Start your career in Personal Training with! Choose from one of NASM's Certified Personal Trainer packages. There's one for every budget.

There are quite a few exercises that can be performed to strengthen the core. The most effective practices will engage any number of muscles located from your shoulders to your hips and thighs, not just the abdominal muscles. Most of these will be basic exercises that rely on body weight. You might use any of the following exercises to build core strength:

  • Planks
  • Push-ups
  • V sit-ups
  • Knee raises
  • Squats
  • Hip bridges
  • Oblique twists
  • Leg lifts
  • Lunge and twists
  • Sit-ups
  • Crunches
  • Pilate exercises
  • Yoga poses

No equipment is required for these exercises; however, you can incorporate some lightweight equipment along with these exercises. These include lighter handheld weights, medicine balls, stability balls, resistance bands and kettlebells. Most importantly, the types of exercises you use will depend on your clients and their abilities.

Why Become a Core and Balance Exercise Instructor? 

Careers in fitness training are increasing in demand and currently growing at an impressive annual rate of 13 percent nationally. Therefore, this is a stable career that will provide you with job security as demands for trainers increase. According to the Bureau of Labor Statistics, fitness trainers and instructors earn an average of approximately $40,000 annually. The highest ten percent of earners in the field earn an average of more than $75,000 annually. Trainers with certification or those who add specialties such as core and balance training can potentially add even more income.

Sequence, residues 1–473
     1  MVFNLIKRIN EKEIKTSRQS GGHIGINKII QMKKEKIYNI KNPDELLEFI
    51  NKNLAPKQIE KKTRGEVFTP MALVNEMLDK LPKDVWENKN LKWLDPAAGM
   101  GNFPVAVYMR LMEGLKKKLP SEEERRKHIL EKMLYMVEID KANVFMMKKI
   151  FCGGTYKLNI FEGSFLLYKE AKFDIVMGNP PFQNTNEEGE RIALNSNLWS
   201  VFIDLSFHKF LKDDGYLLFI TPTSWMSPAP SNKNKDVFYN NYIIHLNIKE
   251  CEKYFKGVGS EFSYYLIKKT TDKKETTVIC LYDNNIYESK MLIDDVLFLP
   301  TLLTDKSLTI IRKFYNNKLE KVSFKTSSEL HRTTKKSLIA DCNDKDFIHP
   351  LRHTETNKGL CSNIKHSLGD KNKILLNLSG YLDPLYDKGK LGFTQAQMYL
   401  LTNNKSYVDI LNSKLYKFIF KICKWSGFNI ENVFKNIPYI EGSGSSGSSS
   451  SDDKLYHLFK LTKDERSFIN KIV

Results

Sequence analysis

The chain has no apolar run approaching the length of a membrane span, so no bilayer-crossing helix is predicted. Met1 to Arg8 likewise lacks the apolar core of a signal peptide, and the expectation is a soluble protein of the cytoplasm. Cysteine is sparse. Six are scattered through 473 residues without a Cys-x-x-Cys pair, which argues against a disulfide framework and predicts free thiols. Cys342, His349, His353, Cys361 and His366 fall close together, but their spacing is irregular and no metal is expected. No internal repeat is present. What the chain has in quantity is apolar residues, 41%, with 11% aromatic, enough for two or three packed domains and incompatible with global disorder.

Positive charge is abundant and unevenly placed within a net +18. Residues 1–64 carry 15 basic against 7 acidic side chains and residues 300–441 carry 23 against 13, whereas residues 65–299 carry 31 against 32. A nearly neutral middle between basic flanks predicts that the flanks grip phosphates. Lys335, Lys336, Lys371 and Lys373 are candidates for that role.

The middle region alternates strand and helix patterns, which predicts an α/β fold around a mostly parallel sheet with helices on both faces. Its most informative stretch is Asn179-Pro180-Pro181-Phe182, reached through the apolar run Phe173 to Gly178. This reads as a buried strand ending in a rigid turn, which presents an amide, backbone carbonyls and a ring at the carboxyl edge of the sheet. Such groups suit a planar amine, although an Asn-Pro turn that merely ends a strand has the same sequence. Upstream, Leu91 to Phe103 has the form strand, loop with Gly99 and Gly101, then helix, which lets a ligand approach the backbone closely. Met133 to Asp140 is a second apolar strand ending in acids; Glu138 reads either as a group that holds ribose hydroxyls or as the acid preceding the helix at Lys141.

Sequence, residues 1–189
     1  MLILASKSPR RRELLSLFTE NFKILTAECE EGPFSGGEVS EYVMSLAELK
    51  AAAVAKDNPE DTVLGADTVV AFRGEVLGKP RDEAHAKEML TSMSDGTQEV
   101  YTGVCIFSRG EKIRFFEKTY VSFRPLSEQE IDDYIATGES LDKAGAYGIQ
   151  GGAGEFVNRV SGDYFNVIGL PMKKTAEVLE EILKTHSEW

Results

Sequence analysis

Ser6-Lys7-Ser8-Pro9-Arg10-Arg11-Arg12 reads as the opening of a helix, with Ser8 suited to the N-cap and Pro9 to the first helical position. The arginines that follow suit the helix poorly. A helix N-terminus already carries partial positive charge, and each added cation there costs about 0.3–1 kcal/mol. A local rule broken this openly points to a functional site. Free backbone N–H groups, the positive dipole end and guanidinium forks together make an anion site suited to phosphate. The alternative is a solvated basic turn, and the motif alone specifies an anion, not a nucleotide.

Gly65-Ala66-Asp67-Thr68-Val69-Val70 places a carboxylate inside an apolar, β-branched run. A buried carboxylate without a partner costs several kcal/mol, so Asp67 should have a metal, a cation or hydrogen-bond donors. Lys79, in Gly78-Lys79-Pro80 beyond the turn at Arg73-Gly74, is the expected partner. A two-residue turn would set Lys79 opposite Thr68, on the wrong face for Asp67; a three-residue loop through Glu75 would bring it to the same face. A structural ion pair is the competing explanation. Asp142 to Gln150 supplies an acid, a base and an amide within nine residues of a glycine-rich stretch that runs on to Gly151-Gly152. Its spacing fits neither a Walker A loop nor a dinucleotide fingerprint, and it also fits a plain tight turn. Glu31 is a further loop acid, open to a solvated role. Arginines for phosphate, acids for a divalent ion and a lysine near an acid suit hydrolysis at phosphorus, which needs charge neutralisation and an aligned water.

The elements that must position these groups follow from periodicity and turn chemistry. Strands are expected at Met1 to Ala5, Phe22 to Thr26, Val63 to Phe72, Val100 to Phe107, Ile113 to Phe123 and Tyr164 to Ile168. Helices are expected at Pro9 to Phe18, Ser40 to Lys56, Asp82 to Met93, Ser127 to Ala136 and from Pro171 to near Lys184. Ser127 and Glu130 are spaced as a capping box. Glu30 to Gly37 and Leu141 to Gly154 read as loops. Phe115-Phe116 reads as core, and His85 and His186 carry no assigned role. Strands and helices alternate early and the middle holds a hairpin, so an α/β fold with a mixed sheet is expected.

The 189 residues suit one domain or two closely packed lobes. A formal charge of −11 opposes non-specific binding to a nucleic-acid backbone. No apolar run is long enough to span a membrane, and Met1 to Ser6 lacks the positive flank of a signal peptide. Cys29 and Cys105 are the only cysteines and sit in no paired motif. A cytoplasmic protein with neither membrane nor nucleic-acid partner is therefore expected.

If you are interested in working as a personal trainer who specializes in core and balance training, then you need to be passionate about fitness. You should love to exercise yourself and be physically fit, and you must also be genuinely interested in helping others meet their fitness goals and become stronger. You’ll need to have good listening and communication skills and be able to tell others how they need to improve their workouts to get the most effective results.

Core and Balance Training Educational and Certification Programs 

To work as a core and balance exercise instructor, you need to have at least a high school diploma. Some trainers don’t have any other degrees. Still, as demand for trainers increases, people are interested in hiring the best in the field, and this includes having an associate or bachelor’s degree in a health or fitness-related field. Examples include exercise physiology, exercise science, kinesiology, physical education and sports medicine. All programs will focus on studying human movement, nutrition, and fitness and wellness assessment. Coursework might include medical terminology, the essentials of fitness assessment, first aid and CPR, the physiology of exercise, ethical issues in healthcare, anatomy and nutrition. You will also learn how to create effective fitness programs for clients of different abilities and ages.

In addition to an associate or bachelor’s degree in a field related to personal training, your educational preparation will likely include professional certification. Although voluntary, many personal trainers pursue certification, both for professional achievement and to meet employment requirements.